Facebook 'Privacy Dinosaur' Warns Before Posts Go Public - InformationWeek

InformationWeek is part of the Informa Tech Division of Informa PLC

This site is operated by a business or businesses owned by Informa PLC and all copyright resides with them.Informa PLC's registered office is 5 Howick Place, London SW1P 1WG. Registered in England and Wales. Number 8860726.

IoT
IoT
Software // Social
News
4/4/2014
09:06 AM
Connect Directly
Google+
LinkedIn
Twitter
RSS
E-Mail
50%
50%

Facebook 'Privacy Dinosaur' Warns Before Posts Go Public

You might think privacy is extinct, but Facebook has introduced a friendly blue dinosaur that warns when you are about to post something publicly.

7 Facebook Wishes For 2014
7 Facebook Wishes For 2014
(Click image for larger view and slideshow.)

Facebook has always had a complicated relationship with its users when it comes to privacy, but the social network has taken a small step to repair that. Now, if you are about to post something publicly -- whether on purpose or by accident -- you might be greeted by a little blue dinosaur.

Over the past few weeks, Facebook has sent a "privacy checkup" message to users about to share a status update, photo, or link that would be visible to anyone, based on the user's privacy settings. The popup displays a cartoon dinosaur using a laptop and asks users to verify with whom they want to share the post.

"Sorry to interrupt," the message says. "You haven't changed who can see your posts lately, so we just wanted to make sure you're sharing this post with the right audience. (Your current setting is Public, though you can change this whenever you post.)"

[Get a grip on your Facebook account. Read 10 Most Misunderstood Facebook Privacy Facts.]

The reminder is an uncharacteristic addition to Facebook, which notoriously has urged users to share more information publicly. One of Facebook's newest features, trending topics, is based on users' public posts, for example.

Facebook's privacy dinosaur caught the eye of the International Association of Privacy Professionals, which commented on it via Twitter: "Are we the only ones who get pumped about seeing Facebook's privacy dinosaur in action?" it asked.

Although it's not clear why Facebook has chosen to remind some users to check their privacy settings, a Facebook spokesperson said that the popup is one of the company's experiments to keep people from sharing with unintended audiences: "We frequently test new ways to help ensure people are sharing with who they want to on Facebook," she said.

Sharing with multiple audiences on Facebook can get tricky. If you change the audience of a post on a one-time basis -- to share an update publicly, for example -- be aware that unless you use the audience selector to change your privacy setting back to friends, all future posts will be public. This applies to both the desktop version of Facebook and its mobile apps.  

If you're unsure who you're about to share a post with, use the audience selector to the left of the Post button in the status update box to make your selection.

To change the audience of a past post, visit your profile and hover over the icon to the right of the post's date, then choose a new audience from the menu.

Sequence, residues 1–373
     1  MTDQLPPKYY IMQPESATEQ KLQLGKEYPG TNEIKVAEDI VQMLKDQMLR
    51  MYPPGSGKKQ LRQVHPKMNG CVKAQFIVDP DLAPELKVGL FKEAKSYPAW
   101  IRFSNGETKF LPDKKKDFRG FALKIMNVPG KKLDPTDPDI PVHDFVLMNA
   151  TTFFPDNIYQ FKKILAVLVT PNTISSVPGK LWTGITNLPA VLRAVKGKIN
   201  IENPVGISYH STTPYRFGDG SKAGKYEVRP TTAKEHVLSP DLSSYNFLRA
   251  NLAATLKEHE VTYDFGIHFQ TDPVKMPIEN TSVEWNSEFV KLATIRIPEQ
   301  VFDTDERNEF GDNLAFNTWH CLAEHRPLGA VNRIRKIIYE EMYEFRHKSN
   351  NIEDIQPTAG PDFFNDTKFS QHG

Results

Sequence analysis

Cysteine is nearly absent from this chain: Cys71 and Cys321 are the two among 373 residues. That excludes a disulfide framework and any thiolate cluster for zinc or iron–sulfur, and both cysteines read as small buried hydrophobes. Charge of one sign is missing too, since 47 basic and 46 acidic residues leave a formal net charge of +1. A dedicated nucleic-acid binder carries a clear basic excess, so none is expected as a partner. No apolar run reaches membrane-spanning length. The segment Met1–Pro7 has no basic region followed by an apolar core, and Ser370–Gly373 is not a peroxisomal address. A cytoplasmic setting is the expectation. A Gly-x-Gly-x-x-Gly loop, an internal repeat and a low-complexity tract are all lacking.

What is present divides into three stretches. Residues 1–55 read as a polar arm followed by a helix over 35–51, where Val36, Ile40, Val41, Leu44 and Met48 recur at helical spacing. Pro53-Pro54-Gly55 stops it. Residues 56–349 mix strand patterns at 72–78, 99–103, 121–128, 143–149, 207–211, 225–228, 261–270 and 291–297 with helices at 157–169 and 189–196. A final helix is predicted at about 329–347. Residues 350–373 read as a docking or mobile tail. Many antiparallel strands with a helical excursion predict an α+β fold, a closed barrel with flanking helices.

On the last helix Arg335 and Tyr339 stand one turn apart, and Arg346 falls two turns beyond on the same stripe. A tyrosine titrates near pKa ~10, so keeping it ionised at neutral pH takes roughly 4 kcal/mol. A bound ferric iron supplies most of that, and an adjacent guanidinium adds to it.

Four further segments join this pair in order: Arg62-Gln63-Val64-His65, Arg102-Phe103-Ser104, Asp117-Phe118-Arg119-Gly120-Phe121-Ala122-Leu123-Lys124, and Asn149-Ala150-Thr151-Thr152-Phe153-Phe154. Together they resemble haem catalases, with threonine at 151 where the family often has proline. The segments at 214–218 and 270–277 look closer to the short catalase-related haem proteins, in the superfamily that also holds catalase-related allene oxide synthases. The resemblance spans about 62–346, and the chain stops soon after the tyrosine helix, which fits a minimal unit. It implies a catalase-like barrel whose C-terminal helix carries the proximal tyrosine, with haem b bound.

You can also change the audience of all your past posts. To find this, navigate to your privacy settings page. Below "Who can see my stuff?" click "Limit Past Posts" next to "Limit the audience for posts you've shared with friends of friends or Public?" This will change any content in your timeline that was originally shared publicly or with friends of friends to friends only.

Trying to meet today's business technology needs with yesterday's IT organizational structure is like driving a Model T at the Indy 500. Time for a reset. Read our Transformative CIOs Organize For Success report today. (Free registration required.)

Kristin Burnham currently serves as InformationWeek.com's Senior Editor, covering social media, social business, IT leadership and IT careers. Prior to joining InformationWeek in July 2013, she served in a number of roles at CIO magazine and CIO.com, most recently as senior ... View Full Bio

We welcome your comments on this topic on our social media channels, or [contact us directly] with questions about the site.
Comment  | 
Print  | 
More Insights
Comments
Newest First  |  Oldest First  |  Threaded View
<<   <   Page 2 / 2
David F. Carr
50%
50%
David F. Carr,
User Rank: Author
4/4/2014 | 9:37:40 AM
Hooray for the Facebook privacy dinosuar
Maybe this is a small thing, but it's a very positive step to help people understand the implications of sharing in the Facebook environment. I do some fancy tweaking of my sharing settings from time to time, but I've still managed to share a message more broadly or more narrowly than I intentded from time to time. I wouldn't mind some help from a dinosaur.
<<   <   Page 2 / 2
Commentary
Future IT Teams Will Include More Non-Traditional Members
Lisa Morgan, Freelance Writer,  4/1/2020
News
COVID-19: Using Data to Map Infections, Hospital Beds, and More
Jessica Davis, Senior Editor, Enterprise Apps,  3/25/2020
Commentary
Enterprise Guide to Robotic Process Automation
Cathleen Gagne, Managing Editor, InformationWeek,  3/23/2020
White Papers
Register for InformationWeek Newsletters
Video
Current Issue
IT Careers: Tech Drives Constant Change
Advances in information technology and management concepts mean that IT professionals must update their skill sets, even their career goals on an almost yearly basis. In this IT Trend Report, experts share advice on how IT pros can keep up with this every-changing job market. Read it today!
Slideshows
Flash Poll